It is well worthy that this legislation deals with a Minister of Science at a full ministerial level.
Third, the bill would establish the Minister of Small Business and Tourism as a full minister with a full ministry. In Atlantic Canada there is no greater player than small business. Small businesses make up upward of 99.5% of the businesses in our community and we rely on them for economic growth, to employ people in our communities, and to employ students who graduate from our world-class universities and post-secondary institutions.
I think it is crucial for us to have a full-time minister focused on small and medium-sized businesses and on developing a regional tourism strategy. That is another important aspect of our economic growth.
I am sure that my colleague from Charlottetown would agree that tourism New Brunswick and Prince Edward Island is largely in the summer. However, if we can expand the tourist reach into the spring, fall, and winter, that will be incredibly important to the economy of our region. I am sure that the constituents watching today will agree that having a full-time minister of small business and tourism is important, and that our government is moving in the right direction in that respect.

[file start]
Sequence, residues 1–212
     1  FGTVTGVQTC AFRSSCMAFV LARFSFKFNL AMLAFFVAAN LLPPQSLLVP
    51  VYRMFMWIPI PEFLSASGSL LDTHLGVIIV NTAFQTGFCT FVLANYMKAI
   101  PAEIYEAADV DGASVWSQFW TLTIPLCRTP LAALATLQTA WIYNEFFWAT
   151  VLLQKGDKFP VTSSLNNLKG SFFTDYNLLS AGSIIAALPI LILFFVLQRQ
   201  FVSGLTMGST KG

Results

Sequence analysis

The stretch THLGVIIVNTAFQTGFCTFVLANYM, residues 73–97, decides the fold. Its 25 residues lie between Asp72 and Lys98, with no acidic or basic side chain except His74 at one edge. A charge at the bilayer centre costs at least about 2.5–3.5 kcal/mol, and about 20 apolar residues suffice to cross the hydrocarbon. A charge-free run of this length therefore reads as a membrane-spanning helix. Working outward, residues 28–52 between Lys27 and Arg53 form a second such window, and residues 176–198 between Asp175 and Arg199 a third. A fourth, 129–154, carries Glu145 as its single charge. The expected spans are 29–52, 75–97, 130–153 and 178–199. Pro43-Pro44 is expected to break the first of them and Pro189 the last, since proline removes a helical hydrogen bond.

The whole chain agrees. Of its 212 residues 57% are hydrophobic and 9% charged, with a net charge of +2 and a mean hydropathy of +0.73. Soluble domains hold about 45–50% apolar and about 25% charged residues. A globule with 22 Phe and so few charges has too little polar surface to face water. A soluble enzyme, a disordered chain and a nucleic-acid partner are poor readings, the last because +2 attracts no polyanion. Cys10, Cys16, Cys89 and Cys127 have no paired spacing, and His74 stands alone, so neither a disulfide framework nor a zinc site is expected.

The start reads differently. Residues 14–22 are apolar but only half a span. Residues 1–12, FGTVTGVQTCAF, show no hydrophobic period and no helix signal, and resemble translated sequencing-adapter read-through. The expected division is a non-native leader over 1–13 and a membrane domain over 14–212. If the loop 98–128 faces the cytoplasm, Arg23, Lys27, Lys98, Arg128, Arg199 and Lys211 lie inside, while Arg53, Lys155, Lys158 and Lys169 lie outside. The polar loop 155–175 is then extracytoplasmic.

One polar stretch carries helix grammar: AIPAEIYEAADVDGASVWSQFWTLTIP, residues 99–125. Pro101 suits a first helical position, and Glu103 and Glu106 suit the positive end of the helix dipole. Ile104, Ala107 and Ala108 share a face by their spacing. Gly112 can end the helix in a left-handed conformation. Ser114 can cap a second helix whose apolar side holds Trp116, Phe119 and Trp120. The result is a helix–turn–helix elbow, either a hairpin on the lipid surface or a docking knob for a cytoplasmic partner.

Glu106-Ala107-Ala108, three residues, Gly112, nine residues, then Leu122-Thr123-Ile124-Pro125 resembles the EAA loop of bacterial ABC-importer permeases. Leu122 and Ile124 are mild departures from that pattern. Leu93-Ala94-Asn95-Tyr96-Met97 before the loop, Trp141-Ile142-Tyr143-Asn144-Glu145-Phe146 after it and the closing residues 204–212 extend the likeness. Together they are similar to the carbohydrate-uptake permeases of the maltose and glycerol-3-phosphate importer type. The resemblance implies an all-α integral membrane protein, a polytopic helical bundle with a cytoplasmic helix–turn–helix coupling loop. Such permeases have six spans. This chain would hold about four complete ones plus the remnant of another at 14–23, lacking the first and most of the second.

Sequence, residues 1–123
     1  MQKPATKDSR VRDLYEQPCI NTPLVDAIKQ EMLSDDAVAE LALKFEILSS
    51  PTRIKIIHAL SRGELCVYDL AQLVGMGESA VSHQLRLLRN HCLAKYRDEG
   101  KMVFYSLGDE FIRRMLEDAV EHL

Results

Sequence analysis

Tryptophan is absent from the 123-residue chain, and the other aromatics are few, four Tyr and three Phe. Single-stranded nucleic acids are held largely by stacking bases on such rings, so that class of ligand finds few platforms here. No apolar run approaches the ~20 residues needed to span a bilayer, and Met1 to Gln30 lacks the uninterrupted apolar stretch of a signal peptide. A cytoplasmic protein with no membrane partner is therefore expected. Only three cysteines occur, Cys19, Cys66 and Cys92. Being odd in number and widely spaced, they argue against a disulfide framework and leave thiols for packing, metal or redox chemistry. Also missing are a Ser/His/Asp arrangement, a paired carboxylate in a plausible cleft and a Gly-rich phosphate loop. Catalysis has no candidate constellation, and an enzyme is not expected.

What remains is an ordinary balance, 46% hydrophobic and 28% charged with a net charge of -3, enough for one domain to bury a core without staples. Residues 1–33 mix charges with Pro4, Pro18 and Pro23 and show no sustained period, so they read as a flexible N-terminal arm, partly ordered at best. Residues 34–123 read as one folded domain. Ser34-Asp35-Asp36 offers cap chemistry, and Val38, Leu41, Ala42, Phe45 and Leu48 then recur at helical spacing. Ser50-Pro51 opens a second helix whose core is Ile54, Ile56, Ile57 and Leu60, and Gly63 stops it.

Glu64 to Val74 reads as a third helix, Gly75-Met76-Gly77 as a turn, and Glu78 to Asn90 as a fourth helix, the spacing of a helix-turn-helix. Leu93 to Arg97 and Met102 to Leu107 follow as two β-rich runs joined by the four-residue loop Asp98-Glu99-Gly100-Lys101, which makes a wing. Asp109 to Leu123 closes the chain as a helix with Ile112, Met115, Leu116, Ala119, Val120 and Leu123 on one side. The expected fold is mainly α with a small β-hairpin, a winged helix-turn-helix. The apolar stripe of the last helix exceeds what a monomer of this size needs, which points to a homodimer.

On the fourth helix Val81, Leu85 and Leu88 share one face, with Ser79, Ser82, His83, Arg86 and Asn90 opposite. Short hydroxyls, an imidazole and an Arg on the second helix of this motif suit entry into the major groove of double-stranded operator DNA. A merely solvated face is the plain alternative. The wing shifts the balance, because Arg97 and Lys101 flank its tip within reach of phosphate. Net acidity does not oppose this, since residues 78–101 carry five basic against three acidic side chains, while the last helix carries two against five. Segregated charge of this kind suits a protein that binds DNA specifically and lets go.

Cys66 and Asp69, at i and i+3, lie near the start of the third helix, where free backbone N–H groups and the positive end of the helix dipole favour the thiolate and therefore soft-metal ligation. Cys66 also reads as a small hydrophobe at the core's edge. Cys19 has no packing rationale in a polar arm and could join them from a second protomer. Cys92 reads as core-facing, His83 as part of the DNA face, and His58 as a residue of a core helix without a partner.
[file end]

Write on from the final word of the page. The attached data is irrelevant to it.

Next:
I have some tremendous constituents doing fantastic work in advocacy as it relates to the importance of respecting the rights and listening to the voices of individuals who are living with an intellectual, physical, or cognitive disability, as well as the importance of family members and community as support systems around them. Therefore, to have a full minister of sport and persons with disabilities at the cabinet table, speaking about understanding the unique ability that each of us as Canadians have is certainly something that I believe in fully and I am happy to advocate on behalf of.
I also believe that my constituents think it is incredibly important to have a voice around the cabinet table making important decisions about the way that we invest in community infrastructure. For example, we need to be taking into account the unique rights, needs, and abilities of persons who live with a disability in the way that we build communities that will allow for socio-economic benefits for years to come, that are socially inclusive, and that lead to economic growth so that people with disabilities can be employed and access the services they need. That is an important voice to have at the cabinet table as a full ministry.